Originally Posted by mutabor
I think that your mistake is that you analyse the film according to your perceptions ( you can totally miss the point of the movie). For example, you confine Kaufman film in the realm of art. It's an existential film which is based on philosophy.
Some people noticed that the last name of the protagonist Cotard is a hint at a French post-modern philosopher Jean-Francois Lyotard.
If you listen to Kaufman lectures ( I just listened several minute passage from his lecture from which I got his general ideas) you will understand that he proposes the same opposition to universals and generality as Lyotard did.
The solution to understanding of the film's logic is really easy. Don't make your own ideas, just listen to what this guy was talking in his lectures. He is really clear about his intentions. To judge Kaufman you have to have your own picture on what post-modernist philosophy is. If you think that post-modernism is a crap then Synecdoche is a crap. If you fancy post-modernism then you will find Kaufman film insightful. Because I evaluated his film as 0/10, then you can guess what I think about post-modernism.
For the second time I post the passage from Kaufman's speech where he describes his philosophy which helps to understand what Synecdoche was about.
Kaufman says that the essence of our being is the wound. Our essence is what make us weak and pathetic. Our essence is "a thing that truly, truly, truly makes loving us impossible".
So in Synecdoche movie we watch Cotard being weak and pathetic and also we watch that he ruins his relationships ( "exposing our wound makes loving us impossible").
Here is the second part of his philosophy: we have to expose our wound to change the evil pattern of our life. Here he furiously criticizes the profane structure of our world.
In Synecdoche he destroys the reality by parodying it. He creates parallel realities where protagonist watches himself from aside.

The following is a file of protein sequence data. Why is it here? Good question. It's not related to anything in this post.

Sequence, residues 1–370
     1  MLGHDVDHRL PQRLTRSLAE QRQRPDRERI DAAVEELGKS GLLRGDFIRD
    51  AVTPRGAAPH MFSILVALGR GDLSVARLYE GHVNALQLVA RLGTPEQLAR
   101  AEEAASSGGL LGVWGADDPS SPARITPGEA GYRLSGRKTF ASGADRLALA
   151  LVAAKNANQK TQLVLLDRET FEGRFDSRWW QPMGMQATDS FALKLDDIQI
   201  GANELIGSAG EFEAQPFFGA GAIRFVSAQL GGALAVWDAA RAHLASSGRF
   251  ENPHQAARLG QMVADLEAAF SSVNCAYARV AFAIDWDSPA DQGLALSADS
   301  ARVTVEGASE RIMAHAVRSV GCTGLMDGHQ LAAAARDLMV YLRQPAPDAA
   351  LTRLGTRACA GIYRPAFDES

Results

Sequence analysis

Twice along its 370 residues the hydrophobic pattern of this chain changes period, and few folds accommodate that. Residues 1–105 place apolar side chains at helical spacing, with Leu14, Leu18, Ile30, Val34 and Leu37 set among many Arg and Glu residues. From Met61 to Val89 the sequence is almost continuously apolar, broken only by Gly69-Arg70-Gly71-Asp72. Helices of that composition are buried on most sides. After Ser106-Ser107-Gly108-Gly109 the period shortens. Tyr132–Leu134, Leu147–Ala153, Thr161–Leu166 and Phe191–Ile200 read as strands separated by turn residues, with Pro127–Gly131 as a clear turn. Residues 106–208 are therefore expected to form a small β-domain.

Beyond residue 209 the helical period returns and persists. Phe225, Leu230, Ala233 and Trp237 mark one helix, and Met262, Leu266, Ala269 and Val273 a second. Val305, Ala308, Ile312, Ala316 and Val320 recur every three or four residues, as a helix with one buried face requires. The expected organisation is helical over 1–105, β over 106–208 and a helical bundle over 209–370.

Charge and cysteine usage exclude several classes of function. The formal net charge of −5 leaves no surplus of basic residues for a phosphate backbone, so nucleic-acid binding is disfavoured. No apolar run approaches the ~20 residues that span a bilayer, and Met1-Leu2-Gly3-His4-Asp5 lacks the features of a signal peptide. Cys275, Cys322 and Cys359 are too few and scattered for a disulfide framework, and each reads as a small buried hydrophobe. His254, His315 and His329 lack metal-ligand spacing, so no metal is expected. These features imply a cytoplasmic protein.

So according to his philosophy the protagonist changes evil pattern of profane being by exposing his wound getting pathetic and unlovable. Do we see this in the Synecdoche movie? Yes we do. Amen.
By the way his philosophy suspiciously reminds me esoteric Eastern teachings. 1. Life is a suffering ( our essence is the wound). 2. To cope with suffering we have to disconnect ourselves from the profane reality.
1. Art can be existential and philosophical--I don't see why you think that it's either got to be art or it's got to be a philosophical treatise. This carries over into the world of actual, written philosophical treatises, as well, especially among post-modern thinkers. Have you read any Derrida or Ronell? Both are post-modernists, and both have produced philosophical books that function as treatise and as art. Another fine example (outside of post-modernism) would be Godel, Escher, Bach: An Eternal Golden Braid, by Hofstadter, a (somewhat) philosophical book whose structure I find to be absolutely sublime. In any case, art (theatre, painting, performance art, body art) plays a major role in the film.
2. I think Cotard as a last name has less to do with Lyotard and more to do with the Cotard Syndrome: aka, Walking Corpse Syndrome. I alluded to this in my review, and I think keeping the symptoms of this disorder in mind help to unravel many of the film's secrets right off the bat.
3. Post-modernism is, at least in part, about applying severe skepticism to its subjects. If I were to only take someone's word for what something meant and leave it at that, I would be an awfully lazy post-modernist/post-structuralist. I also don't see how anything you wrote contradicts my take-away from the film--which is all about applying *severe skepticism* to art. I realize you're a big fan of treating the author's word as gospel, but myself and many others find that we prefer greater subjectivity (in the realm of reviewing, at least), and I'm of the opinion that authors are far from infallible with regards to their own works. Subjectivity vs. objectivity is a major theme in post-modernist thought, with most thinkers ultimately embracing subjectivity.
4. Not everyone finds Eastern spirituality to be nihilistic--freed of its religious trappings (I'll admit that I find religion to generally be inherently nihilistic), I think Buddhism in particular is quite the opposite of nihilistic, and find its adaptability to be immensely refreshing when compared against Western spiritual traditions.
Anyways, that's all I'll say on the matter. I suspect you and I could spar for eternity and never get anywhere, though I enjoy said sparring nonetheless. However, I strongly suspect our thread-mates might enjoy it rather less. ^^ My apologies to them! I would say that it won't happen again, but that'd probably prove to be a statement built on sand foundations. :-D